Also, if you are singing in front of an audience, their response when the performance is finished will give you an immediate rush that makes you feel quite amazing. I remember suffering post performance blues when I was younger whereby I experienced such euphoria of a performance, that the next couple of days afterwards it was like I was coming down slowly and it took a while to get my mood back up again. Well, there's an antidote to this problem. Don't stop singing! Always do a little everyday. Even if it's in the shower or in the car, you'll find it will help you feel better and you'll get more confident in doing it. 

So why is it so good for you? Dr Tomatis said, "toning is defined as – 'to make sound with an elongated vowel for an extended period'. Toning with other people creates a feeling of unity. It also helps us to release stress and repressed emotions. Regular toning and humming helps to re-energize the body and restore health to the mind, body and spirit."

Toning has a neurochemical effect on the body, boosting the immune system and causing the release of endorphins. Toning assists in good breathing and posture. The muscles of the digestive system are massaged and stimulated by regular toning. Toning has also been effective in relieving insomnia.[2] It opens up your lungs and allows more oxygen to come into your body.

A Japanese scientist, Masaru Emoto, wanted to find a way of scientifically evaluating water quality. He decided to freeze samples of water taken from different sources to compare their crystalline structure. When pure water crystallizes it forms a pure crystal; would contaminated water also form a pure crystal?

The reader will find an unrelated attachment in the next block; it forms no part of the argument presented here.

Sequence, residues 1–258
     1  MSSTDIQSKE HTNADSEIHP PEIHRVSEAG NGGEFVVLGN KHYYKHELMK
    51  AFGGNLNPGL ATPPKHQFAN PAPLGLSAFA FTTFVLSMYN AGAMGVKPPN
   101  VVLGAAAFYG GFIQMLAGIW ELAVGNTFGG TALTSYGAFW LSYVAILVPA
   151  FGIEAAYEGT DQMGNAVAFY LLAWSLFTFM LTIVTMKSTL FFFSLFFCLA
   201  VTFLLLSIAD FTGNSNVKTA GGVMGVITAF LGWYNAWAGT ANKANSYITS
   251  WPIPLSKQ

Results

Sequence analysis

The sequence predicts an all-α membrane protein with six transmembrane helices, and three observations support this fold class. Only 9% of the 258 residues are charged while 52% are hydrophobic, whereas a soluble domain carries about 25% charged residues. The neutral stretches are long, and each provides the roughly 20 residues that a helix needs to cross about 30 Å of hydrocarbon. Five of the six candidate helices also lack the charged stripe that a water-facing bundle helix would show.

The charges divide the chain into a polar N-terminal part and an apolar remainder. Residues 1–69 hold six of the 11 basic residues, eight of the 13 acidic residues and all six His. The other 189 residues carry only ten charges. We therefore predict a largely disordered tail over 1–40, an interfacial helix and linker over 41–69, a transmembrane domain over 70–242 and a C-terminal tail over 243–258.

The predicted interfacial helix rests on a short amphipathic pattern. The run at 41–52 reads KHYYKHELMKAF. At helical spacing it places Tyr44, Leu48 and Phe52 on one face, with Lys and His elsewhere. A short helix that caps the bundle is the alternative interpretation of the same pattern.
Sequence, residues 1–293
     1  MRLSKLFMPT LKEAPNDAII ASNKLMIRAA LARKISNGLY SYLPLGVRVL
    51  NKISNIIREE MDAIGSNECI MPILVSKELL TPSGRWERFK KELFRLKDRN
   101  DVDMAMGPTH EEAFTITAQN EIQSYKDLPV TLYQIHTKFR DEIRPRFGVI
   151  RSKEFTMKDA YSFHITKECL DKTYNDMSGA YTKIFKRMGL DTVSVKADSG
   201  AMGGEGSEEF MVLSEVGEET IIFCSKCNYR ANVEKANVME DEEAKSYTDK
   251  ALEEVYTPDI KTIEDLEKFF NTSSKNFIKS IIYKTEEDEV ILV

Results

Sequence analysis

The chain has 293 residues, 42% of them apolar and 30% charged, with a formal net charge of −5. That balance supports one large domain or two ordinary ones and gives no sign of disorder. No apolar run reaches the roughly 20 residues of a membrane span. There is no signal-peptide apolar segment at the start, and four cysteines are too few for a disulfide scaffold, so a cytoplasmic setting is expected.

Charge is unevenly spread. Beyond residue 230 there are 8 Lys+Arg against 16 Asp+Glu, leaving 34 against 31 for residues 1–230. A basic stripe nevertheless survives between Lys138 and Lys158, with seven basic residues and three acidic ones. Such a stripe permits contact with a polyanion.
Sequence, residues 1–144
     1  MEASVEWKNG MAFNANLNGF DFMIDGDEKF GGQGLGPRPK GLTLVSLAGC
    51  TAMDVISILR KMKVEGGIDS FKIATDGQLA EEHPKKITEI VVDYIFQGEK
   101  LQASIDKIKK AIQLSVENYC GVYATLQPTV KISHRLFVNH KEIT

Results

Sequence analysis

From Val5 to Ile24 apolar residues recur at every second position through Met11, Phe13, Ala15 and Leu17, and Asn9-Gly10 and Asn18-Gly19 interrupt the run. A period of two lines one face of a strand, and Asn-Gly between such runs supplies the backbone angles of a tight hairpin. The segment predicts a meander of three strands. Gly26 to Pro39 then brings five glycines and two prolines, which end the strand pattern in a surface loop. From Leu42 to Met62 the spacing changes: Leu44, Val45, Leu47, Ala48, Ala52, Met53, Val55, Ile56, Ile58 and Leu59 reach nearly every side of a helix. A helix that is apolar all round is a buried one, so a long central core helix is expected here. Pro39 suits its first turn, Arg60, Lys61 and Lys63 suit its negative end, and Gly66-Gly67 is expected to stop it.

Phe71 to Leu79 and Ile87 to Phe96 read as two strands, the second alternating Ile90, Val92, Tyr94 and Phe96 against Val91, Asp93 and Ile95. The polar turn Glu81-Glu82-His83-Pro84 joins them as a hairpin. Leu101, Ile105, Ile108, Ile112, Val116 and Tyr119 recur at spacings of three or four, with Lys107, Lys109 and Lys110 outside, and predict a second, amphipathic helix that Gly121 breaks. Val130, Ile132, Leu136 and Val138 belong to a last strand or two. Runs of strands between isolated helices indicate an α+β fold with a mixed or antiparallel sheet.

crystalline structure

Over a four-year period his team took 10,000 photographs. Tap water from Japanese cities generally would not form complete crystals. Tap water from London formed no crystals at all. Spring water generally produced the most beautiful crystals, as did water from holy places

Masaru Emoto's next experiment was playing music to water. He placed distilled water in between two speakers and played one piece of music fully at normal volume. Then he froze the water. Classical music produced beautiful crystals of slightly different colours. Healing music, a Tibetan mantra and folk music also produced beautiful crystals. Heavy metal music produced a pattern that looked like a crystal that had exploded into a thousand pieces. Japanese pop music produced ugly square-shaped crystals rather then the normal hexagonal ones.[3]

The Secret Life of Water book cover

The human body is ca 70% water. Masaru Emoto's work demonstrates how we're constantly being influenced by the sounds we hear around us, and how the water we drink has also been influenced. You can help to purify your water by singing positive words to it or blessing it before it is consumed.